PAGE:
QoL in children with FD

In a paediatric cohort of 87 children (boys and girls combined) the mean EQ-5D utility score was 1.00 (SD ±0.0), the mean of the interference score of the BPI was 0.76 (SD 1.47), and the KINDL showed a moderate impact on QoL and daily life, with the most severely affected domains being personal feeling, family and friends [21]. In 22 boys and girls of whom seven received ERT the total PedsQL score as well as the subscales physical functioning and school functioning decreased with age, while no relation with time on ERT was found [22]. BPI interference scores decreased after introduction of ERT in 13 children [73]. In nine children (age <10) all subscales of the Child Health Scores were lower, but only bodily pain and mental health were significantly different from a healthy control population. Children above the age of 10 years only scored worse on the bodily pain domain compared to the control population [20]. Thirty-six adolescent patients scored worse on the SF-36 compared to general population; boys reported decreased QoL in all subscales, except for Role Emotional, while females scored worse in the subscales Bodily Pain and General Health [74].

QoL in FD vs other chronic illnesses

Street et al. investigated data from female FD patients and compared them with cohorts with multiple sclerosis (MS) and rheumatoid arthritis (RA) using the RAND-36 [23]. Females with FD scored better on the Physical Functioning domain than MS and RA patients (67 versus 37 and 51, respectively). Similar scores were found in patients with FD and patients with MS in the domains Role Emotional, Energy and Emotional Well-being patients with FD while RA patients scored better. Social functioning and Role Physical scores in patients with FD were comparable to those in patients with RA, while patients with MS scored worse in these domains. Pain scores of FD patients were worse than those in MS patients but better than those in RA patients (62 versus 74 and 56, respectively). General health is lower in patients with FD than in patients with MS and RA (45 versus 53 and 51, respectively). A second study compared patients with FD to patients with RA, MS, central neuropathic pain and Gaucher disease (GD). Baseline SF-36 scores were similar to MS and GD patients. General Health and Vitality scores in patients with FD were comparable to those in RA and central neuropathic pain patients [16]. A third study reported substantially lower General Health, Vitality, Social Functioning, Role Emotional and Mental Health domain scores in female patients with FD compared to patients with RA [38].

In addition, patients with FD have been compared to severe hemophiliacs [19]. MCS and EQ-VAS scores were lower in patients with FD; PCS scores and EQ-5D were similar in both populations. Finally, a study using WHOQoL-100 compared QoL of FD patients with that of PKU patients [25]. General QoL as well as the physical, independence, facet medication domains were lower in patients with FD. The scores in the psychological, spiritual and environmental domains were similar.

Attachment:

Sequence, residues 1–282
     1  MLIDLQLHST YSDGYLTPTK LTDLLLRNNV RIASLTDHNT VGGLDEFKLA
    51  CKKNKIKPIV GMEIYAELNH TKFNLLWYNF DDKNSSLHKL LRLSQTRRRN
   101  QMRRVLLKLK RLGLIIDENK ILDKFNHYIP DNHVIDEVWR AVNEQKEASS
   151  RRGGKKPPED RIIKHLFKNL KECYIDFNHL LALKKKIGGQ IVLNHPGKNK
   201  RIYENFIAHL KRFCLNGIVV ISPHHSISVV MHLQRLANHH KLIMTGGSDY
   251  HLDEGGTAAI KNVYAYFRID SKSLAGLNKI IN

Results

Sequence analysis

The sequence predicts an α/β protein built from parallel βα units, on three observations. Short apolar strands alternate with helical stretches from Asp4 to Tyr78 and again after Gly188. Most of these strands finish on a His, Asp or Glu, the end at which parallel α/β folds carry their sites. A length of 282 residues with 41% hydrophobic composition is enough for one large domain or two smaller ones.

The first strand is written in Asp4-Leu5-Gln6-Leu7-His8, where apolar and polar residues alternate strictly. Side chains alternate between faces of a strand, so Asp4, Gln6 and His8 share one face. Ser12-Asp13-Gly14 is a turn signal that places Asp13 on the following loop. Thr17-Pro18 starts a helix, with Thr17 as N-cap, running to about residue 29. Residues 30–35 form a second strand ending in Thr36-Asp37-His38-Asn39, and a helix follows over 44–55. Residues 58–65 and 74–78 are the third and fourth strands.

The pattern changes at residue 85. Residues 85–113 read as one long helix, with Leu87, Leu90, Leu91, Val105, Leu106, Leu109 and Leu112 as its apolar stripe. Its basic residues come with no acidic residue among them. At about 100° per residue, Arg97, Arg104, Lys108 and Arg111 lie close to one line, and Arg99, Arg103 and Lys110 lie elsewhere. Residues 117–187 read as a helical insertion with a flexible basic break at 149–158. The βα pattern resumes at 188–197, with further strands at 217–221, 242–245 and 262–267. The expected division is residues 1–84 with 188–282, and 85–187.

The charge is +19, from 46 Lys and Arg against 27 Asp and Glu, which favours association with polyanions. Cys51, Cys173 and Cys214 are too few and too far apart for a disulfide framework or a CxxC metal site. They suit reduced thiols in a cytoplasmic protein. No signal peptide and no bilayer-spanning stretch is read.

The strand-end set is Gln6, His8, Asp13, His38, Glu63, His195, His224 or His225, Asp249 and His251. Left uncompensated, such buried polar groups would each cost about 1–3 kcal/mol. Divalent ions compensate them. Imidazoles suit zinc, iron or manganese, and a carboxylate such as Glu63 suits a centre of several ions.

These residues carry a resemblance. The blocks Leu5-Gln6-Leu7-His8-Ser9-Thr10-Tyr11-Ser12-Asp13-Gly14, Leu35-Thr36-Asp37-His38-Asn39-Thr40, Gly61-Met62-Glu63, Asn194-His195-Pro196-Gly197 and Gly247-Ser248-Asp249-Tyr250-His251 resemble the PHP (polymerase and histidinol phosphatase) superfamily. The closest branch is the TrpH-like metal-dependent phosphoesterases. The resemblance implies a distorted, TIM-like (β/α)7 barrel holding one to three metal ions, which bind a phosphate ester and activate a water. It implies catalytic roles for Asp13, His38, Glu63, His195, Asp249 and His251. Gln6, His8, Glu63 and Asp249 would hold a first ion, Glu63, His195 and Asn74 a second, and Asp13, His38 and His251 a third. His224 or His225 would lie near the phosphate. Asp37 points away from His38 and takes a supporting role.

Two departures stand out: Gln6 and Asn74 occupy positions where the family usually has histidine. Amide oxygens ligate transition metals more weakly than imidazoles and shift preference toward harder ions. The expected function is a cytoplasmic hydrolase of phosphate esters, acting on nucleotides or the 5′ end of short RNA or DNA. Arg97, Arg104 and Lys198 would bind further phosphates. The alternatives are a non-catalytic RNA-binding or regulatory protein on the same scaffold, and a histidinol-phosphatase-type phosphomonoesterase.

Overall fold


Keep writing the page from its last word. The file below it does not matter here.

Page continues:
Discussion

This systematic review of quality of life in Fabry patients from 54 articles and abstracts has led to two major findings. Firstly, a consistent finding from all studies is that Fabry patients suffer from a considerably worse quality of life as compared with the general population. This was found for all domains in the SF-36 and in the EQ-5D questionnaires. Secondly, the studies on the effect of ERT on QoL are inconclusive.

Both the SF-36 and EQ-5D revealed that patients with FD clearly have lower QoL scores in comparison with the healthy population. However, in the interpretation of these results, some of the study characteristics need to be taken into consideration; firstly, disease severity is rarely comprehensively reported and if reported, the data varies between studies. Rombach et al. showed that disease severity plays an important role for measuring QoL and should therefore be taken into account when measuring QoL scores [59]. This is further supported by the finding of a correlation between the MSSI (a measure for disease severity) and QoL [39, 55]. In addition, more severe kidney disease has been shown to lead to reduced QoL, in particular after initiation of renal replacement therapy. [58]. Also, no studies on the difference in QoL between patients with either classical or non-classical FD have been performed, although this would have been interesting considering their different disease courses. The influence of phenotype is illustrated by Gold et al., who measured SF-36 scores for untreated male patients before the introduction of ERT. In these severely, mostly classically affected males, domain scores ranged between 24 and 61, which is worse compared to QoL scores found after the introduction of ERT, even if only baseline scores (prior to start of ERT) are considered. This difference can be partly explained by the inclusion of non-classical patients in the more recent studies. In addition, most studies investigated a Fabry population consisting of both males and females. As noted by Wilcox et al. differences are observed between males and females and at what age the quality of life starts to decline for either gender [9]. Both are factors that need to be taken into consideration. Thirdly, many of the cohorts studied consisted of treated and untreated patients together. More studies in subgroups of patients are needed to gain a better insight into the influence of phenotype, gender and treatment on QoL.